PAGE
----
Nate Carden (02:12):
Well Loren, thanks for coming, thrilled you're here. As everybody knows, I am from Chicago. I am not a DC person. We have different ways of solving our interpersonal disputes in Chicago than how DC works. I'm not therefore a legislative person. I have however seen Schoolhouse Rock!. I know how it's supposed to work. And I got to say, I look at something like TCJA, it doesn't look like the happy little bill that comes out with a ribbon on it at the end of the episode. So what happens? Tell us about the tax legislative process.
David Farhat (02:50):
And I am a little disappointed we're not allowed to sing the Schoolhouse Rock! song.
Loren Ponds (02:55):
Well you know, copyright.
Nate Carden (02:55):
Yeah, we cannot afford that kind of rights payment. So let's not infringe anything.
David Farhat (03:03):
I'm not even going to try. Not even going to try.
Loren Ponds (03:04):
Were just a small little podcast here on a shoestring budget. So the Schoolhouse Rock! depiction of how bill has passed is true. Unfortunately or fortunately, depending on your point of view, tax legislation in the last probably two decades, let's say, roughly has been through a process called reconciliation, or I should say most major tax legislation has gone through reconciliation process. And so that exercise is named bipartisan, but the general rules still apply. So all tax bills have to start in the house. That's in the constitution, the origination clause. And so if it's a reconciliation bill, that means that largely, the Ways and Means and Senate finance staffs of the party who is in charge will be the responsible for putting together the contours of the bill. So that's what happened with The American Jobs Creation Act of 2004. That's what happened with ACA in 2010. That's what happened with TCJA in 2017. That is what Democrats hoped to impact in with the Build Back Better Act of 2021, 2022 depending on how things go this year.
Nate Carden (04:31):
Interesting. And so maybe talk a little bit about just for those like me who don't know all these. The reconciliation process also involves that magical black box that we call scoring. Can you tell us a little bit about the relationship between the reconciliation process and how bills get scored and the impact of that?
Loren Ponds (04:55):
Sure. So reconciliation bills are subject to some special rules, bird rules or you may hear re reference to those. So one is that outside of the budget window, so in TCJA context, it was 10 years. There cannot be an increase to the deficit. So everything has to balance out so that when the budget window is over, there's no addition to the national debt. There are other rules around reconciliation bills having to do with the substance of provisions that are included in the bills. So they have to be, there's geminous requirement. There are certain provisions that maybe have tax elements, but can't be included in a reconciliation bill. So most often cited are social security taxes can't be touched in a reconciliation bill. But everything else, almost everything else is pretty much fair games. So you will see in the tax cuts and jobs act, all the provisions mostly relate to individual taxation or business, international and domestic.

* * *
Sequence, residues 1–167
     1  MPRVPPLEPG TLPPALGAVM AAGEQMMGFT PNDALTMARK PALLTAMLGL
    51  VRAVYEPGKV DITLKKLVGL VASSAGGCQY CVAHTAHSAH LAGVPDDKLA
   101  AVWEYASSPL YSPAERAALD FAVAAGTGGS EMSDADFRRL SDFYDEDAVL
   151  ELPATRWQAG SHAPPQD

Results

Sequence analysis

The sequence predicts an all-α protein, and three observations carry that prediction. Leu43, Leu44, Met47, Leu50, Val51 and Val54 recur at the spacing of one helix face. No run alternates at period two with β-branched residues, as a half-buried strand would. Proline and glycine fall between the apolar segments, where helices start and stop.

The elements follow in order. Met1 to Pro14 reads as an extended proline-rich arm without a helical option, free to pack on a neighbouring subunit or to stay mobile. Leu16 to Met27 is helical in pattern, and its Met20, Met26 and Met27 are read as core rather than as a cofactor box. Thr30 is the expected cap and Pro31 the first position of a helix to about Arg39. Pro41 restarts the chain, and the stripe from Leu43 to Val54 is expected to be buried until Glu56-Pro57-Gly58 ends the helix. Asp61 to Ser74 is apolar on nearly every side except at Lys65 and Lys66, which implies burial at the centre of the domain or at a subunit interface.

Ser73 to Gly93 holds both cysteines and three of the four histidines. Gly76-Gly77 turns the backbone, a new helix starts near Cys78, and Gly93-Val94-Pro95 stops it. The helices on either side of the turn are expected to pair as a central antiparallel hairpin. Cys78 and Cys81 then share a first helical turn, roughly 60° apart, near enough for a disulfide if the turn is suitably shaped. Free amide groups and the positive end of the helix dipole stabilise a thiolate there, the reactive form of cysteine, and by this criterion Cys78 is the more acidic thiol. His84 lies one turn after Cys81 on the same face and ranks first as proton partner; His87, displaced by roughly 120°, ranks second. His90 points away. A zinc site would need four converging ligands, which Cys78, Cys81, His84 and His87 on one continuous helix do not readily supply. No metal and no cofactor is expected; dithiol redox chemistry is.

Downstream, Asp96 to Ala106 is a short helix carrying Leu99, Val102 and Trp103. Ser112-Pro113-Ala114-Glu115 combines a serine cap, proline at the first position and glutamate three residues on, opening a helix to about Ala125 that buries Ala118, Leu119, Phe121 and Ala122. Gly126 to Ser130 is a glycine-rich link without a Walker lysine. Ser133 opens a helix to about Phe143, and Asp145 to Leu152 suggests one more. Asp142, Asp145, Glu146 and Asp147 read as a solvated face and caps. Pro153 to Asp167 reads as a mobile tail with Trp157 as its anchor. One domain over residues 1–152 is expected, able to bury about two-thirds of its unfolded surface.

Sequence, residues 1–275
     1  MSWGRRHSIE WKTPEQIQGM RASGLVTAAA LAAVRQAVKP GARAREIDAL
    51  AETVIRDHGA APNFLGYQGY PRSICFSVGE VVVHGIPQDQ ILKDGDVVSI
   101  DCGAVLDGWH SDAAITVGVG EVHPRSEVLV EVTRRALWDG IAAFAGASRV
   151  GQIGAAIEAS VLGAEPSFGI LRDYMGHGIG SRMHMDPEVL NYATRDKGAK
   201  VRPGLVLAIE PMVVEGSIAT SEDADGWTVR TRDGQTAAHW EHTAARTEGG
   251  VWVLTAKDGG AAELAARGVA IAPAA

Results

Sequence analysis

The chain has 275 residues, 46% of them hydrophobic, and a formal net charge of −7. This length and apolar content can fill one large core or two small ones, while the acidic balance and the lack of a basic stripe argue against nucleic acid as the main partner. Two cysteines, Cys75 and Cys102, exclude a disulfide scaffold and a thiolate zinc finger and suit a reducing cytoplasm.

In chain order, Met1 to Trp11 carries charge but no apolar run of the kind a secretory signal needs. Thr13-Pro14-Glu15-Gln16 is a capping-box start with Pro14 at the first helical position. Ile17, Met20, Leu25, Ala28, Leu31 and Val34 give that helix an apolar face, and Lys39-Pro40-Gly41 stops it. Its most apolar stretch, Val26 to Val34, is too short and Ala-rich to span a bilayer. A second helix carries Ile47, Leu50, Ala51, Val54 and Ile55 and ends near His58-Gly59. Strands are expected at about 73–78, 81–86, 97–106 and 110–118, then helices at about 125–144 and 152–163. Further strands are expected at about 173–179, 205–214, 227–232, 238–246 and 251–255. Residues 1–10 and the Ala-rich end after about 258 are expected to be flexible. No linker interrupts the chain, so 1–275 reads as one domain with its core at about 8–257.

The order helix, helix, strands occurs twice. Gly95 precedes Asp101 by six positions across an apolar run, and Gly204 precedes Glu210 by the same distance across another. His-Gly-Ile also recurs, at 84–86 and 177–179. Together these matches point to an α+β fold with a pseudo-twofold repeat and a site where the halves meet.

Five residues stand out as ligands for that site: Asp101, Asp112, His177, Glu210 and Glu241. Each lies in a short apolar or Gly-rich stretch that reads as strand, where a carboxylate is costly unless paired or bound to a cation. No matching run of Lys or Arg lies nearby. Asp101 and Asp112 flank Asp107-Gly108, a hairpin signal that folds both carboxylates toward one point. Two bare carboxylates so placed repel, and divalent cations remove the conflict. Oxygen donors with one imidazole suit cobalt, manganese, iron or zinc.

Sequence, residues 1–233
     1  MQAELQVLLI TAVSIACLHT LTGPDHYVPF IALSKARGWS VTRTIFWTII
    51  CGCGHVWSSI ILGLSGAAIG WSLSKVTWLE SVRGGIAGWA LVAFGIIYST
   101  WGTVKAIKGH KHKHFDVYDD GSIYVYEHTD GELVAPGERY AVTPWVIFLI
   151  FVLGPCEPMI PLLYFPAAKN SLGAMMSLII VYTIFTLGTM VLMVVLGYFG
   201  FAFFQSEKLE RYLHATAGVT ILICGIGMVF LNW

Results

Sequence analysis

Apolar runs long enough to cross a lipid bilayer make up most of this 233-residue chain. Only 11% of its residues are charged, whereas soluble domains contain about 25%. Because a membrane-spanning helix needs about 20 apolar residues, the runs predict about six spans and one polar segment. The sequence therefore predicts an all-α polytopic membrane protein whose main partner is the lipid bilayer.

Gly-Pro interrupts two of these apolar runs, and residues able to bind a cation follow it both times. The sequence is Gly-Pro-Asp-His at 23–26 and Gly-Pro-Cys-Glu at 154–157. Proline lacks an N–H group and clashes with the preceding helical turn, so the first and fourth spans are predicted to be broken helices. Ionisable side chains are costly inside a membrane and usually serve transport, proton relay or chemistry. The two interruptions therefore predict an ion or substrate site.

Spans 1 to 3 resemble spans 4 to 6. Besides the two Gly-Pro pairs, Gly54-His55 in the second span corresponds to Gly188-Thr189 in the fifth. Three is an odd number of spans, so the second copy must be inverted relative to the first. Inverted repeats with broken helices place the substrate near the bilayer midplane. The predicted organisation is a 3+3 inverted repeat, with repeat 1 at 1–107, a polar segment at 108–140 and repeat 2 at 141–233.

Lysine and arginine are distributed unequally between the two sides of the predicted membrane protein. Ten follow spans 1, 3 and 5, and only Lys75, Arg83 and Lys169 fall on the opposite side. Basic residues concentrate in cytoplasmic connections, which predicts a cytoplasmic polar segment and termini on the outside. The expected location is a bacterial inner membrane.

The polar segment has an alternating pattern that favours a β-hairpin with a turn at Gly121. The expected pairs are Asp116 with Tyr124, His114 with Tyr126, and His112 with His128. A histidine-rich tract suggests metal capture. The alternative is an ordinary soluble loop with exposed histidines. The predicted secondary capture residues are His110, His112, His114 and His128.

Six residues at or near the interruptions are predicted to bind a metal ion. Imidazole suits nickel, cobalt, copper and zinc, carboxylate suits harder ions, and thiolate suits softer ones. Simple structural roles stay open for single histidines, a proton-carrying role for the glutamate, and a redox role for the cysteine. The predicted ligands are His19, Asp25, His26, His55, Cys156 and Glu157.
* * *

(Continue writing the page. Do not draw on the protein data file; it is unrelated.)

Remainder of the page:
Loren Ponds (06:04):
And that is how it has to happen. And so when you talk about scoring, those numbers are extremely important because of the deficit rule. And so everything has to kind of balance and in TCJA for example, there are provisions that sunset toward the end of the budget window, and that is to conform to the restrictions on adding to the deficit. So in a nutshell, that's what it is. Build Back Better is a little bit different. They have the same considerations in terms of the deficit, but right now the status is really undeciding what the spending provisions will be. And so of course the scope of the spending informs the scope of the tax revenue razors that you need to cover the amounts of money that you want to spend. And so if Build Back Better is to be revived in some new form and it has as anticipated a more limited scope of spending provisions than necessarily the amount of tax that would need to be raised to balance the bill overall would also shrink.
Nate Carden (07:11):
And how is that impacted or how is the scoring impacted by let's say, a technical correction say at bill. In other words, does technical corrections on TCJA also have to get separate scoring or is that a different process?
Loren Ponds (07:28):
Well technical corrections are understood to generally not affect the score because they're effectuating the provision as it was meant to be effectuated in its original form. So in theory, technical corrections don't score anything. At this point, we know what the revenue outcomes of a lot of the TCJA provisions were as compared to what was projected. But I don't think that that should have necessarily a bearing on whether or not those... The bill has passed so what the revenue implications are of TCJA, they are what they are, but it passed and as passed, it balanced. And the same will be true for Build Back Better.